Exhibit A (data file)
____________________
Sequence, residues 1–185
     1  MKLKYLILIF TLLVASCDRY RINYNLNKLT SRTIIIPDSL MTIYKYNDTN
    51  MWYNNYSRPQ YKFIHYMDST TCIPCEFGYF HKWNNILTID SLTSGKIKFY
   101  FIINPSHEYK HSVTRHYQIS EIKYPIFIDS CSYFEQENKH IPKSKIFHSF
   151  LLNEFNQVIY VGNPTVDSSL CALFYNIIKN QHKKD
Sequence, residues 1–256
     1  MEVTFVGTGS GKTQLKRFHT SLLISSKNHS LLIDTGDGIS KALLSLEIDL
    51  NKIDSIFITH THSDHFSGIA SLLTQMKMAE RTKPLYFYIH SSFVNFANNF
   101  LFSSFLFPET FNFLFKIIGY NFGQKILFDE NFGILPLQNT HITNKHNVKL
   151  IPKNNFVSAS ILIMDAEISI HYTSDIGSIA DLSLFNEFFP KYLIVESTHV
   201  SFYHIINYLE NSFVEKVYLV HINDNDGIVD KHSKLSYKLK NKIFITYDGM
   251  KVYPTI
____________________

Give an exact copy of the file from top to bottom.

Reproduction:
Sequence, residues 1–185
     1  MKLKYLILIF TLLVASCDRY RINYNLNKLT SRTIIIPDSL MTIYKYNDTN
    51  MWYNNYSRPQ YKFIHYMDST TCIPCEFGYF HKWNNILTID SLTSGKIKFY
   101  FIINPSHEYK HSVTRHYQIS EIKYPIFIDS CSYFEQENKH IPKSKIFHSF
   151  LLNEFNQVIY VGNPTVDSSL CALFYNIIKN QHKKD
Sequence, residues 1–256
     1  MEVTFVGTGS GKTQLKRFHT SLLISSKNHS LLIDTGDGIS KALLSLEIDL
    51  NKIDSIFITH THSDHFSGIA SLLTQMKMAE RTKPLYFYIH SSFVNFANNF
   101  LFSSFLFPET FNFLFKIIGY NFGQKILFDE NFGILPLQNT HITNKHNVKL
   151  IPKNNFVSAS ILIMDAEISI HYTSDIGSIA DLSLFNEFFP KYLIVESTHV
   201  SFYHIINYLE NSFVEKVYLV HINDNDGIVD KHSKLSYKLK NKIFITYDGM
   251  KVYPTI